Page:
Schoolchildren say sexual harassment is so 'normal' they don’t see the point in reporting it

ITV News Correspondent Rachel Younger has the details of the report - and what schools and the government are being told to do about it

Sexual harassment has become “normalised” for schoolchildren, with around nine in 10 girls reporting incidents of sexist name calling and being sent unwanted explicit pictures or videos, a damning review has found.

Children told Ofsted inspectors they often do not see the point of reporting sexual harassment because it happens so frequently, while many teachers consistently underestimate the scale of these problems.

The Ofsted report shed light on the all too common occurrence of boys sharing “nudes” among themselves like a “collection game” on platforms such as WhatsApp and Snapchat, while some girls said they experienced “unwanted touching in school corridors” as well as upskirting.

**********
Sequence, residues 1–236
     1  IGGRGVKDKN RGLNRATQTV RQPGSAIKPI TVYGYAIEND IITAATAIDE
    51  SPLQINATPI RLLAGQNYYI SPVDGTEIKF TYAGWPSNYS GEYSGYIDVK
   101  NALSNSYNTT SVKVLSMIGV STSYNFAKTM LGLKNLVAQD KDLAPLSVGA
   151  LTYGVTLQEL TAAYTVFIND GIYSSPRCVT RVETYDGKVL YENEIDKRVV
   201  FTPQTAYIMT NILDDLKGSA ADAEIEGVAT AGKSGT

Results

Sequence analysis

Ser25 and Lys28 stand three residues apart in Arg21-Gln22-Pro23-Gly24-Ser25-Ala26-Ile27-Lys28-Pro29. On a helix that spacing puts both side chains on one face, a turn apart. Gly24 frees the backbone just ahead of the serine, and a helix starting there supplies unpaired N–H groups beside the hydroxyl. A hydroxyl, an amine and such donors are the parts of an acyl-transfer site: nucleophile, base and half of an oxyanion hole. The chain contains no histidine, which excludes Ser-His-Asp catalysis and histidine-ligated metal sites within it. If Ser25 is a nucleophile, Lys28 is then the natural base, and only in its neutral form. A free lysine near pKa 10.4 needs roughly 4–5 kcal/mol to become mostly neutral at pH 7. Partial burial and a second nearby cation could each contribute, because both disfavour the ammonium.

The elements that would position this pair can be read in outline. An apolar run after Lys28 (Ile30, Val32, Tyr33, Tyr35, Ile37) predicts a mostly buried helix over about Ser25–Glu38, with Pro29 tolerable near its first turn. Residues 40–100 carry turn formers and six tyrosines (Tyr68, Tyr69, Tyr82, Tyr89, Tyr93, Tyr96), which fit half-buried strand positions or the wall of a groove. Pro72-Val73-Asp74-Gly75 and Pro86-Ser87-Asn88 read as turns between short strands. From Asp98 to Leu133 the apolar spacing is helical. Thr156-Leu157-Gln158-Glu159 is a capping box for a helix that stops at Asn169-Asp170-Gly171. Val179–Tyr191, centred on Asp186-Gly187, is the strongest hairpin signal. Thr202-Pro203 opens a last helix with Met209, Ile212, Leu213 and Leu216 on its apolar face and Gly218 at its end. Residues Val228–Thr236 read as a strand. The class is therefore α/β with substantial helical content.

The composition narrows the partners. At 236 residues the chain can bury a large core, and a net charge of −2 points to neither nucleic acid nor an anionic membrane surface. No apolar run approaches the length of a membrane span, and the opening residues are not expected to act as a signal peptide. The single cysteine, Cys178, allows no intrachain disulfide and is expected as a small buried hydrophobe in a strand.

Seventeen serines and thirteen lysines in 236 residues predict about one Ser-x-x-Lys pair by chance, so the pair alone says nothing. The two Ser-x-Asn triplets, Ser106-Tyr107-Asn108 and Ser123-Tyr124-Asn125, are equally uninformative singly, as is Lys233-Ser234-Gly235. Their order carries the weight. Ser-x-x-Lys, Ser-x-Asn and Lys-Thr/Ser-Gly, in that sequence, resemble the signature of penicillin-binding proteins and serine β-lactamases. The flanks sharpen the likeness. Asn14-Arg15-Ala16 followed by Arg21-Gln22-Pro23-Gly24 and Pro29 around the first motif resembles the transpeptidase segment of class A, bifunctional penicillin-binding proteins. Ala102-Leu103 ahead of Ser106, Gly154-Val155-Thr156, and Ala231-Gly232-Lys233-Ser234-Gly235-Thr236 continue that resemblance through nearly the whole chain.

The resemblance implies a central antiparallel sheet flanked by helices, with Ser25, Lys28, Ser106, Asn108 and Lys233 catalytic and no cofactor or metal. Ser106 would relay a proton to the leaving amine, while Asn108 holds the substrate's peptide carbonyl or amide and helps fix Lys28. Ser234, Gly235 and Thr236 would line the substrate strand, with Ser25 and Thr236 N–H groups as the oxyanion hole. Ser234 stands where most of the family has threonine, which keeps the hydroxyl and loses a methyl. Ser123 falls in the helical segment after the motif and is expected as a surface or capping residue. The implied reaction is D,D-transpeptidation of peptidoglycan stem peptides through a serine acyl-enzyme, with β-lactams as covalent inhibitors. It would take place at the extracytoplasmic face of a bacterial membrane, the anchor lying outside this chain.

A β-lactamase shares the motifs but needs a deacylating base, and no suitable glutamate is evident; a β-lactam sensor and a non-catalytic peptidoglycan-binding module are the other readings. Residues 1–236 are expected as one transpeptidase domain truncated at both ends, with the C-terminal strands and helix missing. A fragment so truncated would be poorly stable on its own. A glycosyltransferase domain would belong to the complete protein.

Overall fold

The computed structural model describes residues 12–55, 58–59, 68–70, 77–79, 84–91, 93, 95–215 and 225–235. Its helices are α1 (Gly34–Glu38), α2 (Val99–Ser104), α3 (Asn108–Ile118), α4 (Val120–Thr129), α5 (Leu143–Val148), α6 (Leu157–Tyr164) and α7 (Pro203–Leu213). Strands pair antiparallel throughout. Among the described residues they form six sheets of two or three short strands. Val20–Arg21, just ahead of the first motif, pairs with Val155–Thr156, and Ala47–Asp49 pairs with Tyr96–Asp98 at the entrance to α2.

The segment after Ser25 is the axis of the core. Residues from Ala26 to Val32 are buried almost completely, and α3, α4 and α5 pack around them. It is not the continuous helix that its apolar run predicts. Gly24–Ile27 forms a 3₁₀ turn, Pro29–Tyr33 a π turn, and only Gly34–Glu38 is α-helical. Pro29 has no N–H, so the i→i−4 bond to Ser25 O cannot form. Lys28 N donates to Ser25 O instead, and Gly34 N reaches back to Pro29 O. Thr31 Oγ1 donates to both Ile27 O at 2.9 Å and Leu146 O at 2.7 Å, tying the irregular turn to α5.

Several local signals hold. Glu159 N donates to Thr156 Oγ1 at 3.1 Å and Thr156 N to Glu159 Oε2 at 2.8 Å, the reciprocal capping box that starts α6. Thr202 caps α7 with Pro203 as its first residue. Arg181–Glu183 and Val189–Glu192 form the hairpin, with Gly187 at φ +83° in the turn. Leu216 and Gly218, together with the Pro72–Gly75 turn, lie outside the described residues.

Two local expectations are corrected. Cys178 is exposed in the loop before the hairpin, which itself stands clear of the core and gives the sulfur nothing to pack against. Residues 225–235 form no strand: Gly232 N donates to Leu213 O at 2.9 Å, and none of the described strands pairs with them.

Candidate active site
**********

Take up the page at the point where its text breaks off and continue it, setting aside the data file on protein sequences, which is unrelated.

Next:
The watchdog visited 32 state and private schools and colleges and spoke to more than 900 young people about sexual harassment after thousands of testimonials were posted on a website.

Published on Thursday, the findings were described as ‘shocking’ by chief inspector of schools Amanda Spielman, who called for sexual harassment to “have no place” in the country’s schools and colleges.

She said: “It’s alarming that many children and young people, particularly girls, feel they have to accept sexual harassment as part of growing up.

“This is a cultural issue; it’s about attitudes and behaviours becoming normalised, and schools and colleges can’t solve that by themselves”.